The beautifully restored two-acre garden is home to nearly 200 native and exotic plants, with something in bloom just about every day of the year. In addition to the restoration of the garden, pathways were rebuilt and footbridges were reconstructed over the creek. The garden is open to the public Thursdays through Saturdays from 10 a.m. to 4 p.m. The garden and cottage is located at the end of May Road off Mission Boulevard in Union City, and the parking lot is open all week until dusk (see Park/Gate hours at right), providing access to trails at the south end of Dry Creek Regional Park, which is adjacent to Garin Regional Park.
Look around you and you will find two magnificent parkland areas--Garin and Dry Creek Pioneer regional parks. Independent nature study is encouraged here, so bring binoculars, a magnifying glass, field guides, and camera, and be amazed at what you will discover. Guided interpretive programs for this area are coordinated through the Coyote Hills Regional Park Visitor Center in Fremont. For information, phone (510) 544-3220.
Garin Apple Festival
The spirit of Garin's orchards live on in the antique apple varieties cultivated in remnants of the old apple orchards. The late-summer Garin Apple Festival celebrates the farm's apple-growing tradition. Antique apple varieties grown in the orchards may be tasted in the flesh and as juice. Folk music, song, and old-fashioned games fill out the day.
Teachers or group leaders wishing to use the park with a naturalist guide, or those looking for curriculum guides for using the parklands, should contact the Coyote Hills Regional Park Visitor Center at (510) 544-3220.
Several picnicking areas near the Garin Avenue park entrance are available for use by families and larger groups. Hikers can carry picnic lunches in day packs and enjoy lunch along one of the many park trails.
There are four large group picnic areas at Garin: The Cattlemen's, Buttonwood, and Ranchside areas each accommodate 100 people, and Pioneer serves 50. These areas have picnic tables and barbecue brazier units and may be reserved by phoning EBRPD Reservations at 1-888-EBPARKS or 1-888-327-2757, option 2, at least 14 days in advance of the planned event.
Hiking and Horseback Riding
The more than 20 miles of trails within Garin and Dry Creek Pioneer Regional Parks give you the opportunity to explore the 4,794 acres that comprise these parklands. While the trails are not paved, many are suitable for bicycles. Motorcycles and all other types of motor vehicles are not allowed on the trails.
All kite flying is restricted to the kite field at Garin.
No remote controlled aircraft, vehicles or boats allowed.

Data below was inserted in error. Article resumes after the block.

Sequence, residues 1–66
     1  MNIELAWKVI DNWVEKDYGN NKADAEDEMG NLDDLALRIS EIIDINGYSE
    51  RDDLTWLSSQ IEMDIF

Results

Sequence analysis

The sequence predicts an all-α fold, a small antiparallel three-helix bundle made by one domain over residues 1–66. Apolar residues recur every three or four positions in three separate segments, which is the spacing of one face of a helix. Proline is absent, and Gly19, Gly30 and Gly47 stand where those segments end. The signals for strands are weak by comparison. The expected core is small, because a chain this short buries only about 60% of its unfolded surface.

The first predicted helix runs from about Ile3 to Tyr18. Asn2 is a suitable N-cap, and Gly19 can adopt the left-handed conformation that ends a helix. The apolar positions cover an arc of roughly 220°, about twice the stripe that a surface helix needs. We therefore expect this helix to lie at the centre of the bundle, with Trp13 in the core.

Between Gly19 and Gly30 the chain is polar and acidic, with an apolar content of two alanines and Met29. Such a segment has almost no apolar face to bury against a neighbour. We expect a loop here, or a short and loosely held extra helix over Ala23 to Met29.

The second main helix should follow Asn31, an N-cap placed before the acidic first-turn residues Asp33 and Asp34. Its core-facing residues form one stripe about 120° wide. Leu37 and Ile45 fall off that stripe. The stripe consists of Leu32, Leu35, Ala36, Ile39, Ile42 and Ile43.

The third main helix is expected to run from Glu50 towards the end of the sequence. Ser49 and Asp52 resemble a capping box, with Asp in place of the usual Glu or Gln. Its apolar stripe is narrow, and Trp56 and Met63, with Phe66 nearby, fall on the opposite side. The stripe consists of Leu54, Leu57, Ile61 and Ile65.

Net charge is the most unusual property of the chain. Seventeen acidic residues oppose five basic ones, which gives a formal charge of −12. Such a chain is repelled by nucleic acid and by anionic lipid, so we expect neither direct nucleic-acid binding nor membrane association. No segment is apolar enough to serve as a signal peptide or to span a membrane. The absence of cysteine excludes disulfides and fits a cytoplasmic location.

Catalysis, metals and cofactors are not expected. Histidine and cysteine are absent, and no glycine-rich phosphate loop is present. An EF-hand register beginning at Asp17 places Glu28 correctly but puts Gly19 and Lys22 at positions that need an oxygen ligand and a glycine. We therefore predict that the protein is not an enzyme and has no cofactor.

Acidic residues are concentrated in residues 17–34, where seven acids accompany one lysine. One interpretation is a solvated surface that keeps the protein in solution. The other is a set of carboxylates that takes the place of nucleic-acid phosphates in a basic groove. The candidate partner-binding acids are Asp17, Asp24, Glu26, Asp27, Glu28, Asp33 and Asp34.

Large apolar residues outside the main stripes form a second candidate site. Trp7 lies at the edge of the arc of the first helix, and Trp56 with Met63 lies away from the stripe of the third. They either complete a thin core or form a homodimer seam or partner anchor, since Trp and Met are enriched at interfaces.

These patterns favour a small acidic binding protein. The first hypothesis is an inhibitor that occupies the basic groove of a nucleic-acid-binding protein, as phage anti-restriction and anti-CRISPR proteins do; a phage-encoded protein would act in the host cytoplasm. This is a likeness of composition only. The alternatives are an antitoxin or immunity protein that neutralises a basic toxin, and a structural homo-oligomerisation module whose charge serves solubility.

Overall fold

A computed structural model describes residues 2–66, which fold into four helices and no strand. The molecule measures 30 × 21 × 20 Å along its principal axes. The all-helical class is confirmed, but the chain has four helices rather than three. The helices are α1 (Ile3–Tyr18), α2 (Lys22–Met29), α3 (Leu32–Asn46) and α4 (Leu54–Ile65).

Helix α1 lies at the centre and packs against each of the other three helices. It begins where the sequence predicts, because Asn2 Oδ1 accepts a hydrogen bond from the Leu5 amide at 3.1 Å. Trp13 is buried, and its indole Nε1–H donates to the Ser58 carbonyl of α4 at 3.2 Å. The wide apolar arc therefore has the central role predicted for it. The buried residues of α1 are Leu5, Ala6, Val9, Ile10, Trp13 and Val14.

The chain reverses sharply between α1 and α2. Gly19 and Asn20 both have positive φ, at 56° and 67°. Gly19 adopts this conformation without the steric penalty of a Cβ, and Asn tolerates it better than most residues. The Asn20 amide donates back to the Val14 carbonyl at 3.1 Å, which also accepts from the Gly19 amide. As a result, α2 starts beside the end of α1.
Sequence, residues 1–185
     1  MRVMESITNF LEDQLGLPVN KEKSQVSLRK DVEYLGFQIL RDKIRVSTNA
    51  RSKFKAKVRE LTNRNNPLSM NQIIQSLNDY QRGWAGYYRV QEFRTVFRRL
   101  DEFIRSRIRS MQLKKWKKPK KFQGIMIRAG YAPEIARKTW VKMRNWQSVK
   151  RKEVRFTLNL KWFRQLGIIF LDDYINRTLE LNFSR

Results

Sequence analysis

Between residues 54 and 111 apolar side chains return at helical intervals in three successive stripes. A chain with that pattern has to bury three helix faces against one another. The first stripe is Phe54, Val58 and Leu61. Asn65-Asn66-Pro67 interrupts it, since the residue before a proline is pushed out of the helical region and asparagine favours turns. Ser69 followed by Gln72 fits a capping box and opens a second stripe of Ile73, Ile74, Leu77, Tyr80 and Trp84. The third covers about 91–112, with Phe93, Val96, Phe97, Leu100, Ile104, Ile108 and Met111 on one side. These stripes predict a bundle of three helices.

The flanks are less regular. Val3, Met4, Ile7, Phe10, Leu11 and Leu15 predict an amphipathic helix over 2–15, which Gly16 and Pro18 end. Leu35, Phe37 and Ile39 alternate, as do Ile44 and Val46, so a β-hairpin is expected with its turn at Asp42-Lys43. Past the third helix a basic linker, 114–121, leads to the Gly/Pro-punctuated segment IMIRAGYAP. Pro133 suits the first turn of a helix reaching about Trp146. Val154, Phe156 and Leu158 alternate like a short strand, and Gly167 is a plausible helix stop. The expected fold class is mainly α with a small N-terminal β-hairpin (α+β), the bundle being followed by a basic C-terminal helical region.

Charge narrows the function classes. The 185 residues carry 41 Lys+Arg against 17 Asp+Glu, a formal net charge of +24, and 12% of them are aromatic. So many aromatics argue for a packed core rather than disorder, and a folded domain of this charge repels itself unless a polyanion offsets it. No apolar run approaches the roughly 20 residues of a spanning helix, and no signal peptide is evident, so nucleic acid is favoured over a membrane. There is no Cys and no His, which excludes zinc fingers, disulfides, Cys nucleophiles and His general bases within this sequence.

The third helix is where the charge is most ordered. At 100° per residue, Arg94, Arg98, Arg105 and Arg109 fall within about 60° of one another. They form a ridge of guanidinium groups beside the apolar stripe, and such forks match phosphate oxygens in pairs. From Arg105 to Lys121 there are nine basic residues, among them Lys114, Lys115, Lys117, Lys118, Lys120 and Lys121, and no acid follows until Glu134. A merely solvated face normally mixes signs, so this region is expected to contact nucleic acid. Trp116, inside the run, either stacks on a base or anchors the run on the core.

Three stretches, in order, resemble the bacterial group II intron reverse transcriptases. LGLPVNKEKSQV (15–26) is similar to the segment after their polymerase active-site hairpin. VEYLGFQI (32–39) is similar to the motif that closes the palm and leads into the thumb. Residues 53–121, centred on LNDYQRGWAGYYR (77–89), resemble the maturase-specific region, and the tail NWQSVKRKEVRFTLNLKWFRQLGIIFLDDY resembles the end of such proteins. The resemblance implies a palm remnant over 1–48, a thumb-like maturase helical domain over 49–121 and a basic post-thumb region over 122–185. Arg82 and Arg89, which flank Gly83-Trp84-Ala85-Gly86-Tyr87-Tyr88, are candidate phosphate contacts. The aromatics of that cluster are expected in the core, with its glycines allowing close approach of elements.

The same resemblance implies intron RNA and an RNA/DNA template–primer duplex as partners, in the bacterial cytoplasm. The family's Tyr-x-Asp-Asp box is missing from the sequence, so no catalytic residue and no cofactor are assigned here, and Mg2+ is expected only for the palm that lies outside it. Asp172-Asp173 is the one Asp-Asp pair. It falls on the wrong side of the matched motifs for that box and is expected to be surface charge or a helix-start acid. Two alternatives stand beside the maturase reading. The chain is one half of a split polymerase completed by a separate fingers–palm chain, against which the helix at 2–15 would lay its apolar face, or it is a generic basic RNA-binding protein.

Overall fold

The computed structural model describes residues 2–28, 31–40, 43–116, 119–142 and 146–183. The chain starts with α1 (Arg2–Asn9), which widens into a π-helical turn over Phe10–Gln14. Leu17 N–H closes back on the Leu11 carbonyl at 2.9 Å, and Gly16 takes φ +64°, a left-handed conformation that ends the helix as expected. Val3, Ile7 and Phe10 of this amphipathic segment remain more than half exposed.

Carry out what you carry in. No littering allowed. No alcohol in the back country. Any type of gun–-air rifle or greater--and paintball guns are NOT allowed.
Equestrians have the right away on trails; hikers and bicyclists should yield to people on horseback (bicyclists should dismount). Heel or leash your dogs. Bicyclists should call out when passing hikers, and remember that not everyone on the trail can hear you, especially if they are wearing headphones or earbuds. Try not to take up the whole trail when riding in groups. Hikers should walk or stand to the right so bicyclists can pass safety; try not to take up the whole trail when hiking.
Equestrians are not to bring their horses into the picnic sites at Garin. Stay to the south edge of the meadow area instead. No trick riding or demonstrations please, as children and others may be injured.
No gathering of natural materials is allowed, plant material (dead or alive); wildlife of any kind, be it insect, mammal, reptile, or bird; rocks or cultural artifacts.
Dogs must be on leash (six-foot maximum) in all parking lots, picnic areas, lawns, and play fields. Dogs must be under voice control at all times, and please have a leash in-hand and ready for use when necessary.
Please keep your dog(s) under control to prevent conflicts with cattle and confrontations with coyotes. Do not allow your dog(s) to chase the cattle, it may result in injuries and deaths to cattle. If you see cattle ahead, please heel or leash your dog(s) until you are past the cattle.
The Jordan Pond pier was constructed in 1987 by Park District crews using materials provided through the generosity of the Hayward, South Hayward, and Mt. Eden Lions Clubs. Jordan Pond has naturally reproducing populations of largemouth bass, bluegill, and sunfish. The Park District also plants channel catfish in the pond once or twice a year. See the Anglers Edge Webpage for fish planting information. Anglers aged 16 or older must have a state fishing license.
Garin History and Features (duration: 1 min., 20 sec.)